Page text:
2) Interest due from May 7, 1997 to June 30, 1999 -
P 1,802,500.00 computed as follows: chanrob1esvirtwallawlibrary
a) 1st year (
P 7 M x 12%), from May 7, 1997 to May 28, 1998 - P 840,000.00
b) 2nd year
i) from June 3, 1998 to Feb. 24, 1999 (8 mos.) -
P 560,000.00 ii) from March, 1999 to June 30, 1999 (4 mos.) - P 402,500.00
3) Total Interest paid -
Less Interest due -
Overpaid interest -
From the foregoing, it is evident that [respondents] overpaid interests for the period of two (2) years, from May 1997 to June 1999, in the total
amount of Php. 1,529,922.00. Thus, the Court is convinced that it is just and equitable that such an overpayment be construed as advance interest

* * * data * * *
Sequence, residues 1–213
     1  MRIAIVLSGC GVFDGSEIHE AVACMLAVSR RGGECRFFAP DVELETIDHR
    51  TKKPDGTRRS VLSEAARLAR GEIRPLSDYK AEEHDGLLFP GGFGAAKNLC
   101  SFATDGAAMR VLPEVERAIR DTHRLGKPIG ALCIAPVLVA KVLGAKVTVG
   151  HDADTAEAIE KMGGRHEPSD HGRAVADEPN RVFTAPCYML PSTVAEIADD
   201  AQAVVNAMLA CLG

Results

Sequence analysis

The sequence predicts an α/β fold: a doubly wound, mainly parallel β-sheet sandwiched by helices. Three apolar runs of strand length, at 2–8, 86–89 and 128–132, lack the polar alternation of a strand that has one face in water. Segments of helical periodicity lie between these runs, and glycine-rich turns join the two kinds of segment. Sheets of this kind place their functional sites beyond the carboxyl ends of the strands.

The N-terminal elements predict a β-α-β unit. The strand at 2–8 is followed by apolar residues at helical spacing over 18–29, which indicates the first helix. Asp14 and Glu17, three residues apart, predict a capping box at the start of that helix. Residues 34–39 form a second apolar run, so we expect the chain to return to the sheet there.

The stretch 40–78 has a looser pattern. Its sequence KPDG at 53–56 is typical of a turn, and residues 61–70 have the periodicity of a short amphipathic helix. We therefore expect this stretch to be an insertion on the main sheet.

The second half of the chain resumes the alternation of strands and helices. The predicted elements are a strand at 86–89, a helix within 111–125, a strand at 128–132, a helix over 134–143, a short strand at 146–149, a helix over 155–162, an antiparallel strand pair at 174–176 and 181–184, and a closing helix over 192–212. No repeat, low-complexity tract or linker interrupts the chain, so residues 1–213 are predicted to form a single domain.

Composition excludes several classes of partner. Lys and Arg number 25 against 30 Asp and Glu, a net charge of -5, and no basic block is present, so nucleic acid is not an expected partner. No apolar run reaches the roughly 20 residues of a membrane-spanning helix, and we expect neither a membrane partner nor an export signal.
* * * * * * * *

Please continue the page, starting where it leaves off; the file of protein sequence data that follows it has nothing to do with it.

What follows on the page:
payments which should be applied for the succeeding period or year of their contract. Otherwise, [Metrobank] would unjustly enrich itself at the
expense of [respondents]. In such a case, it was premature then for [Metrobank] to declare [respondents'] account as past due, because at that
juncture[, respondents'] loan obligation was outstanding and in declaring otherwise, [Metrobank's] action was without basis as there was no
violation of their loan contract. Consequently, it follows that the foreclosure proceedings subsequently held on November 26, 2000 was without
factual and legal basis, too. For, indeed, when the foreclosure proceedings in question was conducted, [respondents'] loan account with
[Metrobank], as it is said, was still outstanding, because [respondents] were able to pay the interest due. Therefore, the Court is again convinced
that the nullification prayed for is in order.36cralawredlaw